It turns out there are at least two main dimensions of theory of mind (ToM). The social-perceptual component of ToM involves the ability to determine the mental states of others using immediately available non-verbal cues (e.g., eyes, face, hand gestures). This maps on to the cognitive empathy component, and is what is measured by the Reading the Mind in the Eyes test. This component of theory of mind shows up earlier in development and is related to the right hemisphere medial temporal and orbitofrontal regions of the brain.
In contrast, the social-cognitive component of ToM (not to be confused with cognitive empathy) involves the ability to reason about the mental state of others, and use that reasoning to predict or explain their behavior. This ability involves inferring what others know or believe to be true apart from what you know or believe to be true. This is a later developing skill and is more strongly dependent on linguistic capacities. This component of theory of mind draws on left hemisphere circuitry involving medial frontal areas and the temporoparietal junction.
Daniel Nettle and Bethany Liddle found a relationship between the social-cognitive component of theory of mind, but not the social-perceptual component. It appears that the agreeable, compassionate, altruistic aspect of our human nature is only associated with the higher-level, social-cognitive component of theory of mind.
Now for the last few pieces of this puzzle.
Zsofia Esperger and Tamas Bereczkei in Hungary wondered whether despite their theory of mind deficits, Machiavellian individuals mentalize more often than others-- in other words, even though their emotional intelligence is impaired, are they still cognitively strategizing, scheming, and trying to infer the intentions of others much more so than those who are less Machiavellian?
So they investigated this motivational component of theory of mind as distinct from the ability component. To measure spontaneous mentalization, they had 112 Unviersity students look at 12 pictures depicting everyday situations. For each picture, the students were asked to write 2 to 3 sentences about each picture. The responses were then automatically coded by a computer, which looked for words and sentences that represented mentalization.
They found large individual differences in spontaneous mentalization: some people just weren't motivated to constantly try to mentalize the people in the pictures, whereas other just couldn't stop mentalizing! In fact, those scoring high on a measure of Machiavellianism tended to focus more strongly on the mental state of others than those who were less Machiavellian. They concluded that
"in the case of everday, real-life situations, people may have initial strategies that help them focus on the mental states of others. All this may be related to Machiavellianism; using spontaneous mentalization, people with an inclination to manipulate others may always try to be one step ahead of the other and gain important knowledge that can later be profitable in deceit and fraud."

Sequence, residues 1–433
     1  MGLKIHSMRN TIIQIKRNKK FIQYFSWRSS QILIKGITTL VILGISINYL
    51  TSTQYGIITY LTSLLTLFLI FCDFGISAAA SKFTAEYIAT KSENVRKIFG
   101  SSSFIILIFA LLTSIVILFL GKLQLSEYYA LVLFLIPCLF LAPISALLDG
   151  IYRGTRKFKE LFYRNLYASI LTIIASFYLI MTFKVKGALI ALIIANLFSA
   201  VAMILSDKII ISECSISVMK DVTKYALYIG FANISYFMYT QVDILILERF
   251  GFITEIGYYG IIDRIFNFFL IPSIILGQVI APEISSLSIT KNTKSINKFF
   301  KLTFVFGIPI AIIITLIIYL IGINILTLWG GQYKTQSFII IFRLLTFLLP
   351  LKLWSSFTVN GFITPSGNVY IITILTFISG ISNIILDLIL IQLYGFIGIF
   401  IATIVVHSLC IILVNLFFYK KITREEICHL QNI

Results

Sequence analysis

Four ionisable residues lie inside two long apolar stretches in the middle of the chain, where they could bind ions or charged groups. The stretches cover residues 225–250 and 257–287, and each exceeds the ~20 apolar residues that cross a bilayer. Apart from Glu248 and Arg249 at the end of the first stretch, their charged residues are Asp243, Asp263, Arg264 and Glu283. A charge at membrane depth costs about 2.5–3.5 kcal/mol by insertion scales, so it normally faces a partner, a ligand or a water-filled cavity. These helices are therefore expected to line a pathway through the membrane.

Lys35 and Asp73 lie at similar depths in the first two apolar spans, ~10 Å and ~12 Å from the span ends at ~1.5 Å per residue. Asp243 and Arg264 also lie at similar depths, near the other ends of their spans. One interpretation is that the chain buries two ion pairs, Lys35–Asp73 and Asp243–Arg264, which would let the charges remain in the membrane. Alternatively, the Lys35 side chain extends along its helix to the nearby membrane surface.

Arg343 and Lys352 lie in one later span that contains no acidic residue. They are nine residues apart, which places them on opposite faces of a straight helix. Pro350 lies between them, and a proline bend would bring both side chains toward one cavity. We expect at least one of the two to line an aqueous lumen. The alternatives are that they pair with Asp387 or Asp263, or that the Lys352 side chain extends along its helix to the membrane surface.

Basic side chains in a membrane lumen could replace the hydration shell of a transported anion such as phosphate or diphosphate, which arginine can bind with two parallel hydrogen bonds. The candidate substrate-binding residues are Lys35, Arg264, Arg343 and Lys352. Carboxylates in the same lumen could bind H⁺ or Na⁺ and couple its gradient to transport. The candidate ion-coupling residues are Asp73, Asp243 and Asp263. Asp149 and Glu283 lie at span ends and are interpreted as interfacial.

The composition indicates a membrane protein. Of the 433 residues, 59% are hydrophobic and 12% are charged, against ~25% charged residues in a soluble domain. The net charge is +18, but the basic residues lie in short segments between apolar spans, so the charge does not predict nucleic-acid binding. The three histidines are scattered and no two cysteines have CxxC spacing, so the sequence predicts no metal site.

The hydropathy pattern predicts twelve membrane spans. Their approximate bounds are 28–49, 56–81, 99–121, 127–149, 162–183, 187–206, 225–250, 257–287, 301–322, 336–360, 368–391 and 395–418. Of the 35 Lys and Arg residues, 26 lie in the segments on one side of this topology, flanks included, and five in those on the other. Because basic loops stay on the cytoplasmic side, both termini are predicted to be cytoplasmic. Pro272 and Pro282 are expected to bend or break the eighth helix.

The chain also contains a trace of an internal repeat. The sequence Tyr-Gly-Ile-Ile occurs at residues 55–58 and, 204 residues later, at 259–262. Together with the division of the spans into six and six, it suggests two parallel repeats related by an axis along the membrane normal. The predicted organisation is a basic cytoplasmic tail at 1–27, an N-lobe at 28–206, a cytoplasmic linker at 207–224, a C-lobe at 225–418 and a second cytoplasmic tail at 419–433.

But the latest research suggests that in humans this can't be the whole story. As Daniel Nettle's research shows, our uniquely human capacity to reason about the thoughts, beliefs, and desires of others (what philosopher Daniel Dennett refers to as "second-order intentionality", or what some psychologists refer to as "metacognition") is associated with an agreeable prosocial orientation. Therefore, the key skill is being able to cognitively separate one's own thoughts, beliefs, and desires from those of others. These advanced theory of mind skills-- in combination with affective empathy-- are crucial for harmonious functioning in social environments. Daniel Dennett has even argued that second-order intentionality is a key precursor to human consciousness!
For most of our evolution, it payed to be cooperative and empathic. But during the course of our evolution, there were also selfish individuals who learned how to manipulate others to get what they wanted. They lacked empathy, perspective taking, and self-awareness (i.e., metacognition). Still, they had in tact lower-level perceptual theory of mind abilities that were good enough for them to manipulate others. In fact, their lower levels of empathy and higher levels of strategizing and spontaneous mentalizing worked to their advantage: whereas most people intuitively felt as though they were doing something wrong when they hurt others, these Machiavellian individuals didn't recieve the same emotional signals so they persevered toward their short-term selfish goals. In the process, they obtained more quantity of mates. Therefore, they remained in the human gene pool, along with their short-term mating orientation.
In modern day humans this does in fact appear to be the case. Peter K. Jonason and his colleagues have shown over and over again that the Dark Triad is associated with various dimensions of short-term mating but not long-term mating. Jonason argues that "the Dark Triad facilitates an exploitative, short-term mating strategy."
© 2012 by Scott Barry Kaufman